Newsletter Special Issue (2002)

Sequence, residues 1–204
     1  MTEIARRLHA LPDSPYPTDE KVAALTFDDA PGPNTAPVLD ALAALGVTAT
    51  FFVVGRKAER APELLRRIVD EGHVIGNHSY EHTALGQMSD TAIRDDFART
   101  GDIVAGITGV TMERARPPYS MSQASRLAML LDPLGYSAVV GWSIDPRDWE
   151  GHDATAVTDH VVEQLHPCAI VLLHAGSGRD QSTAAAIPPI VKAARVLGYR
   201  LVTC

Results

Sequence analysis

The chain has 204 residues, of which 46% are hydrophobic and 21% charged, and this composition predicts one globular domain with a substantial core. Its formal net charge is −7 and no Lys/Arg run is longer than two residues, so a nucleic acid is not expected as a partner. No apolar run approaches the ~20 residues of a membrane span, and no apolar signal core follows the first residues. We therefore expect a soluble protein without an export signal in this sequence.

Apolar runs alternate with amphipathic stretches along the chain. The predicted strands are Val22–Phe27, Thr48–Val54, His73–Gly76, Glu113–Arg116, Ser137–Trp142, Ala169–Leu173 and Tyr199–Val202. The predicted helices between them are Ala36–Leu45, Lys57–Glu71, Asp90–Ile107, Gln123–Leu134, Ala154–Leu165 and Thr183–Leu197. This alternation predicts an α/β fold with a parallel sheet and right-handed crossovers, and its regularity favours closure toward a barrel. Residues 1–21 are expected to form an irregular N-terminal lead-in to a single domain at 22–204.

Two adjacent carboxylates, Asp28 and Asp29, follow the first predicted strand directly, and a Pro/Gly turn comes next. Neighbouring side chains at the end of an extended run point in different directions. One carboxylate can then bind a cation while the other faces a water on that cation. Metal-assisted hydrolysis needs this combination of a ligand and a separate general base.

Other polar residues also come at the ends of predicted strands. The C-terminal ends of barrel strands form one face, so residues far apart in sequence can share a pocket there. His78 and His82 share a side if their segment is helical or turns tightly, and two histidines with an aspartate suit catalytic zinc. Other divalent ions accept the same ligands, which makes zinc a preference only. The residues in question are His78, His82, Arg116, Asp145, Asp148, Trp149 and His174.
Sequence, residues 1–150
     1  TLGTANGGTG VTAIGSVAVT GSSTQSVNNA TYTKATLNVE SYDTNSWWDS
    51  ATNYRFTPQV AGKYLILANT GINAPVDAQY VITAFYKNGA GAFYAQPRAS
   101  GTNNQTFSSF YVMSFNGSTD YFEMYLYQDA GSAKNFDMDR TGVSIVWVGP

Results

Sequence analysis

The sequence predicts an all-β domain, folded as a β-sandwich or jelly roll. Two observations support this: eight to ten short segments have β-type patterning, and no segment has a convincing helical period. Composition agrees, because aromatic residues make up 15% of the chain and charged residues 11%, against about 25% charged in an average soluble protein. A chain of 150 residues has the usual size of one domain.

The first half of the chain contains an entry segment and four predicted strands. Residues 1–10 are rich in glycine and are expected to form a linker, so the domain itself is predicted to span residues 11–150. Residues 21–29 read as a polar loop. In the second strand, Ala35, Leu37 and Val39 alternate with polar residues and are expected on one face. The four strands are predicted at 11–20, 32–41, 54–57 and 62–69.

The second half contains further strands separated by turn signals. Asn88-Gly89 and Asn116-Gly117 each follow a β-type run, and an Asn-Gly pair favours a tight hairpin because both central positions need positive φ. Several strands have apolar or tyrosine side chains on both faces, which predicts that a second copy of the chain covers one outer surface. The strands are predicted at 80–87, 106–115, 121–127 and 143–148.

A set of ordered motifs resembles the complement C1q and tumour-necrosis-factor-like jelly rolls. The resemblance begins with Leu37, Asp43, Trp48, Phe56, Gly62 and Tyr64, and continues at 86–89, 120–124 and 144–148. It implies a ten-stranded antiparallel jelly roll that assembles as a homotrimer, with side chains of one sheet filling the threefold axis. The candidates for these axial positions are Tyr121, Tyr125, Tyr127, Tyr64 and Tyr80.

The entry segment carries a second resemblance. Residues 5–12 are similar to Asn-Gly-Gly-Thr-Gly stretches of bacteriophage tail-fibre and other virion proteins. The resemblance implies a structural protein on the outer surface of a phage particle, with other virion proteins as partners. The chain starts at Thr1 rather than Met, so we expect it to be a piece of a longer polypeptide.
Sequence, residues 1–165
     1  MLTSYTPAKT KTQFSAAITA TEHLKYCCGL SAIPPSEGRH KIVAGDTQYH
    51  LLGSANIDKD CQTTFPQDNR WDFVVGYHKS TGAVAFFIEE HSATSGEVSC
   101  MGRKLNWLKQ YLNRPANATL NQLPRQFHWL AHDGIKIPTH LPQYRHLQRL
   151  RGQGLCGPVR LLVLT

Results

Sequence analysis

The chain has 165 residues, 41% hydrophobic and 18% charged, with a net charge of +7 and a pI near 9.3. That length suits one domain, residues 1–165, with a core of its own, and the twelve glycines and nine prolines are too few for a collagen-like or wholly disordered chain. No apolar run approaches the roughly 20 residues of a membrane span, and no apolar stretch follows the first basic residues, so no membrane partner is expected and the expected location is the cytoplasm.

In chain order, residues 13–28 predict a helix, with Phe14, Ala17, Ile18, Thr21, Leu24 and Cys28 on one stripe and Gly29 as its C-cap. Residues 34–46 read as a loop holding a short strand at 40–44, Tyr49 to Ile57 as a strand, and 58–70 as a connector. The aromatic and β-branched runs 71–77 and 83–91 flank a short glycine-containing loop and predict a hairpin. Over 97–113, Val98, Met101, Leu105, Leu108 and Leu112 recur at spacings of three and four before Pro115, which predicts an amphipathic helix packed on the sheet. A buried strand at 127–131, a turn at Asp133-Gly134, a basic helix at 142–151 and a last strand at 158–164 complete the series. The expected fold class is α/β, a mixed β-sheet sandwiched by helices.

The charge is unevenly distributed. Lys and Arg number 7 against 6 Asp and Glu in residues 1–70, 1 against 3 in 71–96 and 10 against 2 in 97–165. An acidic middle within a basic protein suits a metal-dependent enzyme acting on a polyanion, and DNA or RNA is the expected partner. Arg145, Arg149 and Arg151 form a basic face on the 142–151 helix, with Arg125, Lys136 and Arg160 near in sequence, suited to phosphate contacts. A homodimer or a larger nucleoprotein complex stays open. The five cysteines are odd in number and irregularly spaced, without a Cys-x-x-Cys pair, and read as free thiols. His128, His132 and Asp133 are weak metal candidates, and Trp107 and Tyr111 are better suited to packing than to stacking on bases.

Open Letter to Staff and Students of the Universi ty Dear colleagues and students, In October 1995 I wrote an open letter to you as I was about to take up the Vice-Chancellorship. The last paragraph of that letter reads: I have struggled with myself over whether I should accept the appointment as Vice- Chancellor of The Chinese University of Hong Kong. I do not care whether the Vice- Chancellor's pay is higher or lower than my present income, but I really do not want to give up my medical practice. ...If I have to leave my teaching position in the Faculty of Medicine, it must be for a worthier cause which needs my services more. Today, some seven years later, I have tendered my resignation to the University Council, in order to take up the invitation to be the Secretary for Education and Manpower of the Hong Kong SAR Government, commencing 1st August 2002. As I cast my thoughts back to 1995, I am amazed by the great similarity between my dilemmas then and now. What exercised my mind was whether I should relinquish my work at The Chinese University at this point in time, and whether I could offer more in the new position. Does the University need me more, or the community as a whole? I have served The Chinese University for 20 full years, first as Head of the Department of Surgery, where my task was to heal the sick, advance the frontiers of knowledge, and train the young to become responsible doctors. As I moved on to become Dean of the Faculty of Medicine, my mission expanded and I set myself to improve teaching, promote research, strengthen facilities, and recruit talent. When I became Vice- Chancellor, I was expected to lead the University through the 1997 transition towards a new era of development in the 21st century. A l l these years my work has centred around education — from teaching medicine to managing a medical faculty, and from that to shaping a university's growth. It was indeed my good fortune that, in these various positions, I was able to serve an increasingly larger sector of the University community, each time in a different role. In my new post I shall continue to serve the education community of which The Chinese University is an integral part, only that this time my task w i ll be even broader. We are all aware that many of the woes besetting higher education in Hong Kong have stemmed from inadequacies in primary and secondary education and, as such, cannot be resolved on their own. How the education infrastructure is to be overhauled is a formidable subject requiring careful review from many perspectives and at many levels. This is a matter of great concern to all conscientious educationists. Now an opportunity arises in which I may use my experience gained at The Chinese University of Hong Kong to set goals and accord priorities for the Hong Kong education system, and to redistribute resources for the overall improvement of education standards. I see it as an opportunity, indeed an obligation, to put myself to greater use, with the betterment of education in Hong Kong as the ultimate objective. I am looking forward to the responsibilities and challenges ahead. It was a pledge I made early in my V i ce- Chancellorship that I would be fully committed to institutional autonomy and academic freedom, efficient management, greater academic interflow w i th both mainland and international institutions, the procurement of additional resources from the community at large, and the fair distribution of the same. I set my objective at no less than bringing The Chinese University to the uppermost notch of higher education in Hong Kong and the neighbouring region. I have never relaxed my vigilance over these commitments in the last six years. The University's autonomy has never been compromised during the period and our academic staff have been as free as they want to be in their scholarly pursuits. Rigorous internal audits and management efficiency reviews have continued uninterrupted, resulting in significant cost savings and productivity gains, and winning commendation from the University Grants Committee. We have also persistently cultivated international relations, producing extensive links with centres of excellence worldwide. Thanks to the generosity of our many benefactors, support in the form of donations has dramatically surged, and has been indispensable in maintaining the quality of teaching and learning, sustaining important research, imp r ov i ng facilities, and upgrading the campus environment. On the so l id f ounda t i on l a id by my three predecessors, the University has gone from strength to strength, achieving progress on all fronts. We are glad to have been allocated the largest slice of the UGC block grant for the 2001-4 triennium, an allocation that was based on our performance in teaching and research. We are also gratified that the Early Admissions Scheme, newly introduced this year for outstanding Secondary Six students by all tertiary institutions, has attracted the largest number of applicants to The Chinese University of Hong Kong when compared with other local tertiary institutions, a sure indication of our popularity among the best of Hong Kong school students. By the time you read this letter, you shall have known too that our business school has just been ranked the number one MBA school in Asia Pacific. The news could not have come at a more opportune moment as my best farewell gift from the University. The Chinese University as we know it today is a mature and well-run institution of higher learning, fully confident of its own potentials, and all out to scale new heights in different dimensions. Indeed, with the advent of a new millennium, many new academic programmes have been launched in response to the needs of a knowledge-based society and a new economy. Academic and administrative units have also been asked to define their respective visions and missions, identify their areas of strength, and formulate action plans for the coming years. It is now obvious that the University has all the software to pursue excellence — staff and students of calibre, high morale, and a conviction for success. And much of the hardware to go with it will become available soon. In the pipeline are a Centre for Chinese Archaeology and Art, phase II of the Engineering Bu i l d i ng Complex, extension facilities for the Faculty of Education and its through- train primary and secondary schools, a teaching hotel, a new block for the clinical departments of the Faculty of Medicine, a purpose-designed building for centralized science laboratories, an extension to the University Administration Building, new student hostels, and a teaching centre at the Bank of America Tower in Central. Everywhere on the campus are signs of growth and expansion, bearing testimony to the vitality of a thriving university. Imbued with a sense of direction and with all the necessary support systems properly instituted, the University is well on a stable, defined course towards progress and greater achievements. What really distressed me was not being able to disclose the government's invitation earlier, due to procedural technicalities, which led to unnecessary speculation and worries, created difficulties in hand-over arrangements, and increased the workload of many colleagues. I am relieved to note that all has now been settled and am grateful to those who are affected for being so understanding and obliging in the process. I thank them sincerely for all the help they have rendered me. Twenty years here and The Chinese University has become an inseparable part of my personal growth and career development, and it w i l l always occupy a prominent place in my heart. What tugs me time and again on the eve of my departure are the many fond memories of the things we did together, the days we spent together, the achievements we have made together. Equally hard it is for me not to be remembering the arguments and adversities that we had, the crises and controversies that we faced, the heat and the heartache that we endured. Through these tribulations we have learnt to unite and work as a team; we have turned trials into strength and reinforced our bonds, with much the same spirit that holds the University as it now proudly stands. While I must leave this lovely campus to take up my new duties, my thoughts w i ll always be with you. And I eagerly look forward to being invited to join you to celebrate the 40th anniversary of the University next year. Arthur K.C. L i 25th July 2002